Perhaps it's because he was raised by a military man—his stepfather, Phillip Harrison, is a retired Army sergeant—that Shaquille O'Neal has a tendency to speak about his Los Angeles Lakers teammates the way an officer might refer to his troops. Before the Lakers supplied him with marksman Glen Rice, O'Neal used to say, "I need a shooter," as if one could be reassigned from another platoon. Los Angeles guard Brian Shaw "was one of my players in Orlando," says Shaq, referring to the two years they played together for the Magic. While coach Phil Jackson may be the team's commander-in-chief, on the field of battle O'Neal is its general, a role he is handling with more assurance than ever before. " Shaq was handed the title of leader when he came here four years ago," says L.A. point guard Derek Fisher. "But being given the tide isn't the same as earning it. This year Shaq has really earned it."
There is another title O'Neal wants even more, that of NBA champion, and if he is to earn that one, his leadership skills will have to pass the sternest test of his eight-year career. The Indiana Pacers made sure of that with a 100-91 win in Game 3 of the Finals on Sunday, slicing the Lakers' lead in the best-of-seven series to 2-1. L.A.'s advantage was especially precarious because the Lakers faced two more games at Indiana's frenzied Conseco Fieldhouse—where lung power more than makes up for the star power of the Staples Center—and because the health of O'Neal's All-Star sidekick, guard Kobe Bryant, was in doubt. Bryant missed Game 3 with a moderately sprained left ankle, and although he was optimistic about returning for Game 4, Jackson admitted that Bryant probably wouldn't be fully effective for the rest of the series.
That meant Los Angeles would have to do the figurative equivalent of what Bryant did the day after his injury—hop on Shaq for a piggyback ride. If anyone could carry the Lakers the rest of the way, it was O'Neal, whom Jackson called "the first frontal piece of our offensive machinery." He initially bombarded the Pacers in L.A., with 43 points and 19 rebounds in Game 1 and 40 points and 24 boards in Game 2. He then nearly led Los Angeles to an improbable comeback in Game 3, when he scored 33 points, grabbed 13 rebounds and spearheaded a counterattack that cut an 18-point Indiana lead to four late in the fourth quarter. But without Bryant, the Lakers' perimeter players were overmatched against Reggie Miller (box, page 46) and Jalen Rose, who combined for 54 points. "We're not coming in to be pushed around," Rose said after Game 3. "We're not the jayvee team. They're just like us—they haven't won a championship. Therefore, if you put pressure on them and get them down by 10 points, you have a chance to be successful."
But Los Angeles's habit of crumbling under pressure so far seems to be a thing of the past, thanks largely to the burgeoning leadership skills of the 28-year-old O'Neal. He has cemented his stature among the Lakers not only with his strengths, which have been all too evident to the Pacers, but also with his weaknesses. Even his celebrated difficulties at the foul line—he was 3 of 13 in Game 3—have indirectly won him greater respect from the other Lakers, who watch him taking hundreds of extra foul shots at practice and know he has the key to a high school gym for late-night free throw sessions.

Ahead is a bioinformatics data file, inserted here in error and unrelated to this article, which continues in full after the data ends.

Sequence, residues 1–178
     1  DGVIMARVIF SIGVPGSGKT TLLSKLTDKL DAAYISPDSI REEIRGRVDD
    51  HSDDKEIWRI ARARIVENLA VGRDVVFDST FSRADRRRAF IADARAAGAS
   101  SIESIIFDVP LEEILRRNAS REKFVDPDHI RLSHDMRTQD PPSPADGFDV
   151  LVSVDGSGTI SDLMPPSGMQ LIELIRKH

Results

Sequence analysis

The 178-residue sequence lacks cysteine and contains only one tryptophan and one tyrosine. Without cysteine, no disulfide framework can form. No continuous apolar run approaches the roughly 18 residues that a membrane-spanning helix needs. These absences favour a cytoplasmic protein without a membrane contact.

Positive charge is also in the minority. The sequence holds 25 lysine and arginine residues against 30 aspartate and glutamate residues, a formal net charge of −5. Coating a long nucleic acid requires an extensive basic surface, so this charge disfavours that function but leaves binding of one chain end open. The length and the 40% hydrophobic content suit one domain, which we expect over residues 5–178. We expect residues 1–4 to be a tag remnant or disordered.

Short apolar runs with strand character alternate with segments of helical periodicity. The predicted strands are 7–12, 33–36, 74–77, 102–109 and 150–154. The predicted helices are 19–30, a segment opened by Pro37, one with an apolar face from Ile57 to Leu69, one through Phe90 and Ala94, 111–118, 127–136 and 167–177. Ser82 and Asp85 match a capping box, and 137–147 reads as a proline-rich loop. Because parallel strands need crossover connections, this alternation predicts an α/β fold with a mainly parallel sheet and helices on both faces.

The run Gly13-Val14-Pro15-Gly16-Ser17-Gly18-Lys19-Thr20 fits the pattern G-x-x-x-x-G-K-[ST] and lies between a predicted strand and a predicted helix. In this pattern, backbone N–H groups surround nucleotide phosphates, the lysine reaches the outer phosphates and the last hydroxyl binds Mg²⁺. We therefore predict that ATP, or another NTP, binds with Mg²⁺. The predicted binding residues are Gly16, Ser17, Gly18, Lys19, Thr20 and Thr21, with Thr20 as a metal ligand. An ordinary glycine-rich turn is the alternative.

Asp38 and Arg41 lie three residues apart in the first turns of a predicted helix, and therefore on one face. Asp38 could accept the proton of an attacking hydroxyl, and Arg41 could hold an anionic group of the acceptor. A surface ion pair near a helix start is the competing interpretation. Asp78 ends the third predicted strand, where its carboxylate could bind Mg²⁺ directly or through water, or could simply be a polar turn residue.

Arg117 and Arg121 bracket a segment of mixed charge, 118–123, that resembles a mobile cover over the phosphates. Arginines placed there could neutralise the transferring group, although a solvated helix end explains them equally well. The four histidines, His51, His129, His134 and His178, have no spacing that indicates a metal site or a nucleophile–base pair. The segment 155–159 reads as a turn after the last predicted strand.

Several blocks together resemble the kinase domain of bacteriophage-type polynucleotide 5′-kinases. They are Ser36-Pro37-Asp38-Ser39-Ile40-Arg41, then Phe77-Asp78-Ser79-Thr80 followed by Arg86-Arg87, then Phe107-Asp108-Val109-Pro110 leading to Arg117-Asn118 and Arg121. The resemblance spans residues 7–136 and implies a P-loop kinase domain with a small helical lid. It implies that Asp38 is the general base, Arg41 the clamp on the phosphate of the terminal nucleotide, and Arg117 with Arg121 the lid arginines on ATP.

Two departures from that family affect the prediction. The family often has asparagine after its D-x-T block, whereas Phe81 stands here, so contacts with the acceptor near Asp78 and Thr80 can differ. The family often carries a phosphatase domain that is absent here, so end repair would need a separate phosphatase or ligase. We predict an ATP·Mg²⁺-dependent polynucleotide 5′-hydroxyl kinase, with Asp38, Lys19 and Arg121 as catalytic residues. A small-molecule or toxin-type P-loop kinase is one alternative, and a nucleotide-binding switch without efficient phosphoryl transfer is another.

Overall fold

"We see how hard he works at it," says Shaw. "We see how he takes the criticism and the hard fouls and the crazy Hack-a- Shaq stuff and keeps at it. It makes you realize that if he's willing to go through all that without losing his cool, he must want to win more than anything. If he wants it that badly, you want to win it not just for yourself but for him too."
His teammates understand that O'Neal has more at stake than any of them, that he will be the 7'1", 325-pound target of blame if Los Angeles falls short of the championship. At times he uses that knowledge to help motivate his teammates. When Bryant was injured in the second quarter of Game 2, Shaq told them during a timeout that he expected to be gang-defended even more than before. "When I kick it out to you guys," he said, "make some shots for me."
It was his way of telling the Lakers that they were the only ones who could make Indiana fully pay for double- and triple-teaming him. He would take the pounding and the potential embarrassment at the free throw line if they would retaliate for him from the perimeter, which they did, making 7 of their 15 three-pointers, including 5 of 6 by Rice, in the 111-104 win. "I know that I can't do it myself," O'Neal says. "Maybe early in my career I thought I could do everything, but I know now how important it is to have my teammates helping me out."
O'Neal doesn't lead by cracking the whip at practice, the way Michael Jordan did, nor is he a locker room orator, as Magic Johnson was. "He'll have something to say in the big moments of a game, but it's going to be short and direct," says forward A.C. Green. "Whenever he opens his mouth we ride on it, because he doesn't do it that often."
When O'Neal picked up his fifth foul—which was mistakenly called a flagrant—with 6:40 to go in the fourth quarter of Game 2 and the Lakers leading by eight points, he gathered the team around him. "I can't repeat exactly what he said," forward Rick Fox says. "He told us, 'Look, I'm going out for a couple of minutes,' and then it was 'Bleep, bleep, bleep. Bleep, bleep. Got it?' "
Adds guard Ron Harper, "He went off a little bit in the huddle. We needed him to do that. He pumped us up, and we held on."